HONG KONG, Sept 29 (TRLPC) - Syndicated lending in Asia Pacific, excluding Japan, hit a five-year low of US$292.47bn for the first nine months of 2017, 19.55% lower than the same period last year as more borrowers turned to the bond market and China’s curbs on overseas acquisitions dented volume.
A third-quarter total of US$72.49bn from 210 deals is the lowest quarterly tally in Asia for seven years and is 37.31% lower than US$115.64bn at the same time last year.
“G3 bond market issuance has increased this year from Asia, due to low benchmark rates and search for yield by investors. On the other hand, loan activity has seen a decline, leading to a volume shift from loans to bonds,” said Ashish Sharma, head of Asia Pacific loan syndication for Credit Suisse.
Asian companies locked in low borrowing costs in Asia’s bond markets, driving record issuance in G3 currencies, in anticipation of a rise in interest rates following the US Federal Reserve’s decision to start unwinding its quantitative easing programme.
At US$303.47bn for the year-to-date, bond issuance in G3 currencies have already eclipsed Asia Pacific’s previous full-year record of US$293.07bn raised in 2016, according to Thomson Reuters data.
In contrast, China’s clampdown on outbound mergers and acquisitions (M&A) and a weaker domestic economy is starting to hit loan volume. Lending to China in the first nine months is 36% lower at US$76.62bn compared to a year earlier as the mainland suffered the sharpest slowdown of any major country in the region.
“M&A volume seems to have dropped mainly because of the impact of the regulatory restrictions on Chinese acquirers eyeing assets overseas,” said Benjamin Ng, head of debt syndicate and acquisition financing, Asia Pacific, at Citigroup.
Excluding Japan, China is Asia’s biggest market and still accounted for 26% of regional loan volume in the first three quarters of 2017 despite the drop. In the same period last year, China’s share of the regional lending activity was 32%.
In the third quarter, neighbouring Hong Kong eclipsed the mainland with a 25% share, the biggest in regional lending as buyout activity picked up.
Low dealflow and abundant liquidity continued to put pressure on Asian corporate loan pricing, as highlighted by Indian companies that frequently tap the market.
Indian Oil Corp mandated Scotiabank to lead a US$300m five-year loan in late August with all-in pricing of 93bp, undercutting the company’s last similar loan in June that was priced at 95bp and closed after a poor response.
“The challenge with India is that we have seen a lot of spread compression and that’s because there are not enough new deals,” said Siong Ooi, co-head of debt capital markets for loans and bonds at Mitsubishi UFJ Financial Group.
Chinese companies are also able to access lower pricing. State-owned Zhejiang Energy International Ltd launched a US$300m three-year debut loan in July, which pays a top-level all-in pricing of 100bp – a level that is expected to find few takers, according to bankers.
BUYOUT BOOST Event-driven financing boosted Hong Kong’s volume in the third quarter, including a jumbo HK$28bn (US$3.6bn) leveraged buyout loan backing the privatisation of shoe retailer Belle International Holdings Ltd that was the territory’s largest buyout.
A consortium comprising Chinese private equity firms CDH Investments and Hillhouse Capital Group along with the shoemaker’s executives took the company private in a HK$53.1bn deal.
Another US$900m-equivalent LBO backing the acquisition of tycoon Li Ka-shing’s fixed-line phone unit, Hutchison Global Communications Ltd, had a positive reception from lenders.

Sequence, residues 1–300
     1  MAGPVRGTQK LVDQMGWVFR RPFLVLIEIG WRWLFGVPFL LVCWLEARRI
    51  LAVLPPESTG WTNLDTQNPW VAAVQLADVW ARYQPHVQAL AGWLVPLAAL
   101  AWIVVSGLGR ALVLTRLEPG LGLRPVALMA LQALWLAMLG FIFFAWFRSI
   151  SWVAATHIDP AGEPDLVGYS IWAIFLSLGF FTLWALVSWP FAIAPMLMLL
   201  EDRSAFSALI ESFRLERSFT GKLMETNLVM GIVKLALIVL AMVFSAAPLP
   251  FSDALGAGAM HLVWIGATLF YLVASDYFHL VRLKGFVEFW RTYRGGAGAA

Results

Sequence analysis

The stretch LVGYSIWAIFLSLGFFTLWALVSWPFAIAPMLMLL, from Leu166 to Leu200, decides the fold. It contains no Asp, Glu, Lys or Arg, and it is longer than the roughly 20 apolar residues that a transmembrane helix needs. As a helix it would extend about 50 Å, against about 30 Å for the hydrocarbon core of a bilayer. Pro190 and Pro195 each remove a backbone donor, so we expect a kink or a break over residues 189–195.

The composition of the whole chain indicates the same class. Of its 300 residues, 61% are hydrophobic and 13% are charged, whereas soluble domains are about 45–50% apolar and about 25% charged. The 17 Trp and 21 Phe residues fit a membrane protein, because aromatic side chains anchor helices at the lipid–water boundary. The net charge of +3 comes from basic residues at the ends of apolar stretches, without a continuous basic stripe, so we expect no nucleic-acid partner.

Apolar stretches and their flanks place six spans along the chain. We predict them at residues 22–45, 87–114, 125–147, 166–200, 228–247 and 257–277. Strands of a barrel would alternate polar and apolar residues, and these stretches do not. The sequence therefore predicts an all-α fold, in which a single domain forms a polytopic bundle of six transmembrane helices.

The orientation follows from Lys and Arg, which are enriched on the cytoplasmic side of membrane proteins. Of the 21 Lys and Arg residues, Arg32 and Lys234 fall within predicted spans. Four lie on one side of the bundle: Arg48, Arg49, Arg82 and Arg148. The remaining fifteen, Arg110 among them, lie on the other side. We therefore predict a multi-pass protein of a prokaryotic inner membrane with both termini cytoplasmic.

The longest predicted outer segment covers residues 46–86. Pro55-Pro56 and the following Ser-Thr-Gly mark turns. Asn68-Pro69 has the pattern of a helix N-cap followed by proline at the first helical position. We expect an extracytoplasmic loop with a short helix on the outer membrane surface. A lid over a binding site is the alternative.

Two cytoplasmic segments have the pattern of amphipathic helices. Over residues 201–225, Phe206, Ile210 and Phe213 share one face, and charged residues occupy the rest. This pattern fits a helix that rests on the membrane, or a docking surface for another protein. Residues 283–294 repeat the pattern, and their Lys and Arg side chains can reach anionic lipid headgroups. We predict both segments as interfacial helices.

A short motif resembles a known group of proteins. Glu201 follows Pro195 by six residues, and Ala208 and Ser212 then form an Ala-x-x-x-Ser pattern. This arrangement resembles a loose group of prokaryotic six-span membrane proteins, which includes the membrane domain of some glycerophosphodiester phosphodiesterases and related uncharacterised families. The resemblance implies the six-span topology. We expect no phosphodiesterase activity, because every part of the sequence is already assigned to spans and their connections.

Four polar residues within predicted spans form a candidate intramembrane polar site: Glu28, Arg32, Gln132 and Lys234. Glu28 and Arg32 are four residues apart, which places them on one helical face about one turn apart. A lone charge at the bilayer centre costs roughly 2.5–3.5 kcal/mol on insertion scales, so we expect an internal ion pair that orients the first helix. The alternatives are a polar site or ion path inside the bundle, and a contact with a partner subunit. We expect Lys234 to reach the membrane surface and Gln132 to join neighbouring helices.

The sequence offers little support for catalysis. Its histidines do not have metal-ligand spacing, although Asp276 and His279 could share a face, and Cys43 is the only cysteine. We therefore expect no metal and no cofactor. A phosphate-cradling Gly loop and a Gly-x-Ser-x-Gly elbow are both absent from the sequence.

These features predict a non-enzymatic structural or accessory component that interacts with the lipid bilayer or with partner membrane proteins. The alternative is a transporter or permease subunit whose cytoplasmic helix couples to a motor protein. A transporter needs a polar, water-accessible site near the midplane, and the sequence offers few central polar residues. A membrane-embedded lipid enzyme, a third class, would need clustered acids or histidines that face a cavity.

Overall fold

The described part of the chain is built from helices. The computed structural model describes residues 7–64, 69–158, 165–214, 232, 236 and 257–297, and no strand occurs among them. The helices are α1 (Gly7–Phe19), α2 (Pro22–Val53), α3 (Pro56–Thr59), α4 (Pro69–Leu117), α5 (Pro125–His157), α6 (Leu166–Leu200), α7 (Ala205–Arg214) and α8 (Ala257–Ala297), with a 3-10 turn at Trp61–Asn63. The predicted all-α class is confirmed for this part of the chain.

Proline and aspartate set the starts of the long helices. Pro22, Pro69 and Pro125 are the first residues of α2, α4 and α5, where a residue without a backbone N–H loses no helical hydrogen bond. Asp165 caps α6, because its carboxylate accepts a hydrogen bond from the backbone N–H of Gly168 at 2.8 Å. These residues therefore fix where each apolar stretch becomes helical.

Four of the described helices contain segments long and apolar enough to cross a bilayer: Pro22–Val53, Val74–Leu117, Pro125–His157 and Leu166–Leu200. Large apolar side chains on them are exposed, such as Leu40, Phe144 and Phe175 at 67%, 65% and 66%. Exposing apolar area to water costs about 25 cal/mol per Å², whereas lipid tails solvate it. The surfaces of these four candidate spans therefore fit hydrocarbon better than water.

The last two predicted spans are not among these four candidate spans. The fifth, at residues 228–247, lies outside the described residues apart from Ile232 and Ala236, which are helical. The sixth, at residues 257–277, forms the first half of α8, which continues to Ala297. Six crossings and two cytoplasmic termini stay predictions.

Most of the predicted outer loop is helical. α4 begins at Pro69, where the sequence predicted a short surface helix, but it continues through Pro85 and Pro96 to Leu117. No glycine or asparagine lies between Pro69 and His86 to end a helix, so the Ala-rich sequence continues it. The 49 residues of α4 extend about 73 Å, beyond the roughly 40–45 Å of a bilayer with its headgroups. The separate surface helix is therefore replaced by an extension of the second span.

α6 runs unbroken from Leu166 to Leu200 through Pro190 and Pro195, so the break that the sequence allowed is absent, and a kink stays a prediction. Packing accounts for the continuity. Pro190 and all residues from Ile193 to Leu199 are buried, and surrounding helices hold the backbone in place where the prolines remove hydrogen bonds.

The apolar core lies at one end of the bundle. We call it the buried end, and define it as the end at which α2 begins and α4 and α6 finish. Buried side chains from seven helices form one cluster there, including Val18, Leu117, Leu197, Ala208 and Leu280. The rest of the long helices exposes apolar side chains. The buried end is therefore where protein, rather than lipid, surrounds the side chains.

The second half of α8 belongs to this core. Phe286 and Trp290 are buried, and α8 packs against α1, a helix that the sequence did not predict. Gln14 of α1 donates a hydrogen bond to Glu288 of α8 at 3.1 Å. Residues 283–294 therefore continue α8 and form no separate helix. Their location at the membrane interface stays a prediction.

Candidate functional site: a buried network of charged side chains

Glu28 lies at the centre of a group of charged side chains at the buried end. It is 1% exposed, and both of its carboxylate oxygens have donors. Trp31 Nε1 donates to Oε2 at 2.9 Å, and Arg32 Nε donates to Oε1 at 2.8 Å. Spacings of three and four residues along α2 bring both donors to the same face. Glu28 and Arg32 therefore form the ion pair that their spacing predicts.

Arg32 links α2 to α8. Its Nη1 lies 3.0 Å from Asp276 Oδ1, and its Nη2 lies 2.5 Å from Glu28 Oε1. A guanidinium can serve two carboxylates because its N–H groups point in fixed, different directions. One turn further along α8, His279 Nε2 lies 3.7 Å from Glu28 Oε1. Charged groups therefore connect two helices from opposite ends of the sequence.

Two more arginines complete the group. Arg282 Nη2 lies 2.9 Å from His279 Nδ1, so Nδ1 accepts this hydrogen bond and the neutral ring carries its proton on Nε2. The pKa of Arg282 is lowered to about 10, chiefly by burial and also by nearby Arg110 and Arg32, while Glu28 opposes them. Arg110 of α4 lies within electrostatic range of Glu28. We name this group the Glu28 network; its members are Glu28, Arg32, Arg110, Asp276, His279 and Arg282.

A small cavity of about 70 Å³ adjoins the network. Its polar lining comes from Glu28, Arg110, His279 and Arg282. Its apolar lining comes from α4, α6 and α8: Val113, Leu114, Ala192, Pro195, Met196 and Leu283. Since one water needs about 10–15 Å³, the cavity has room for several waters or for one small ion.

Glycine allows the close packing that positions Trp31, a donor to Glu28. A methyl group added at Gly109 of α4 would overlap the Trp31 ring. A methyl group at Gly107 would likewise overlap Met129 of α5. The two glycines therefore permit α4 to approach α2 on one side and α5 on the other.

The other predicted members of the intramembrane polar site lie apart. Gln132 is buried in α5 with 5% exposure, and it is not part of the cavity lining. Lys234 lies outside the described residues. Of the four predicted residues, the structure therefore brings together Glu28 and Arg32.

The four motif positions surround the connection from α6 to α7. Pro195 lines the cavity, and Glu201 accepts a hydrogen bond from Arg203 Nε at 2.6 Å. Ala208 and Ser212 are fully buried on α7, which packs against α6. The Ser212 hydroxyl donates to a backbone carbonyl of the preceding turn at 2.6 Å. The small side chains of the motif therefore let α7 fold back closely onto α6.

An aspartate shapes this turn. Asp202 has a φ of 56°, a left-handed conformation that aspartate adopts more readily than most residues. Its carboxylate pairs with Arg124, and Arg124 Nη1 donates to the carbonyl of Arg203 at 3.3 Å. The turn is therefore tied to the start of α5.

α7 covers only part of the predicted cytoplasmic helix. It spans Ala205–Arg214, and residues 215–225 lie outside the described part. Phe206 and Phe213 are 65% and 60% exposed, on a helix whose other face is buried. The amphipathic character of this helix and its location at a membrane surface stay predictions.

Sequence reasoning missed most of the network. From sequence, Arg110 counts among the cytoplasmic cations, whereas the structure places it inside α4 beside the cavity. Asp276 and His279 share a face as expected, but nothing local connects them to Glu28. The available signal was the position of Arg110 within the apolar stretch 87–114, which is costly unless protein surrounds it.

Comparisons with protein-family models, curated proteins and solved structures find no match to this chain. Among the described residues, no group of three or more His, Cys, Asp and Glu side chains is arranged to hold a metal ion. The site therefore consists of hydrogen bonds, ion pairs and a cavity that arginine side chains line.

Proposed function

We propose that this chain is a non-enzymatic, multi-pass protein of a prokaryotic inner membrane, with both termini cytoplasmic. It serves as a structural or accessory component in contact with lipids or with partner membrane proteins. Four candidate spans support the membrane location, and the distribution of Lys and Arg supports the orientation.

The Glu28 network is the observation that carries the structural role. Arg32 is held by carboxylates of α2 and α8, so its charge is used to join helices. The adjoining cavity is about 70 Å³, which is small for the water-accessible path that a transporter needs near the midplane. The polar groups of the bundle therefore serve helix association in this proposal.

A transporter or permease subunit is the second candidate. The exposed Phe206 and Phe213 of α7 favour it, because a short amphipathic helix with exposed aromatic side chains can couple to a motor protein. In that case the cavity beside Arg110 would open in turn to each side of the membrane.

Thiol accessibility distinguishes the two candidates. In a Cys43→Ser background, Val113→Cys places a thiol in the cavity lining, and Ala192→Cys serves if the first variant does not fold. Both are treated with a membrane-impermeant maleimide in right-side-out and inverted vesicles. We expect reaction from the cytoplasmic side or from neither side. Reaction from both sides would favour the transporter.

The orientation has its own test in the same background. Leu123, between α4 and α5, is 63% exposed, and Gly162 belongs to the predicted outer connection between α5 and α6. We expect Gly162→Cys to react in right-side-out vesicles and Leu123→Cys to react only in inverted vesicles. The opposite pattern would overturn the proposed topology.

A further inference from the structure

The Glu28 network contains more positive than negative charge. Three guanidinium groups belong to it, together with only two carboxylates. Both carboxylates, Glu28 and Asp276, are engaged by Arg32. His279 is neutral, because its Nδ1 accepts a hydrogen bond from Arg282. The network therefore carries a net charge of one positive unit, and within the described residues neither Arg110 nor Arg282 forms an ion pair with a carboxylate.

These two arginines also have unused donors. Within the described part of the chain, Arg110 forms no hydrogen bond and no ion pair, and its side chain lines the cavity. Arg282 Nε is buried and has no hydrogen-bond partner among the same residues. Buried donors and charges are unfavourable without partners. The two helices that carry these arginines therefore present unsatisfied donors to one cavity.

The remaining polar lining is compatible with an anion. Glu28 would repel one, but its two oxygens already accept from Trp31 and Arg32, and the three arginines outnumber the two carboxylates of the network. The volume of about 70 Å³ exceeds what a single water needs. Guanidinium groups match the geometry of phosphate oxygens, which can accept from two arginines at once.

The deal set the stage for a bigger US$4.10bn loan backing the mammoth S$16bn (US$11.9bn) LBO of Global Logistic Properties Ltd, Asia’s biggest warehouse operator.
GLP’s privatisation also involved Chinese sponsors and HGC’s deal was the first LBO in Asia for investment manager I Squared Capital.
The two deals for Belle and GLP are the biggest Asian buyouts of the year so far amid a constant flow of event-driven financings. Australia’s active buyout financing market continues to drive developments with the arrival of unitranche structures.
US alternative investment firm Highbridge Capital underwrote a A$650m (US$516m) six-year unitranche financing backing iNova Pharmaceuticals (Australia) Pty Ltd’s US$930m-equivalent buyout by private equity firms Carlyle Group and Pacific Equity Partners.
In September another A$250m six-year unitranche backing private equity giant KKR’s acquisition of Laser Clinics Australia Pty Ltd closed as a club deal, adding to an unusually active run of Australian leveraged loans. “Institutional non-bank investors have started becoming more active in senior LBO loans,” Sharma said.
Despite a steady flow of LBO loans, only US$27.68bn of volume from 51 deals backing Asian M&A activity were completed in the first nine months, compared with US$55bn from 57 financings in the same period in 2016.
The M&A loans tally for the three quarters of 2017 is lower than US$21.74bn of similar loans completed in the third quarter of 2016 alone, which included a US$12.7bn bridge financing backing state-owned China National Chemical Corp’s acquisition of Swiss seeds and pesticides company Syngenta AG.
China’s curbs on capital outflows and outbound M&A are taking a toll on event-driven financings, after the government banned deals of more than US$1bn that were outside of the core business of a Chinese buyer.
Bankers still see lending opportunities with increased volume and enquiries across the region.
“Private equity firms have been active in various parts of Asia, which has improved the prospects for leveraged buyouts and related financing,” Ng said. (Reporting By Prakash Chakravarti and Chien Mi Wong; Editing by Tessa Walsh and Steve Garton)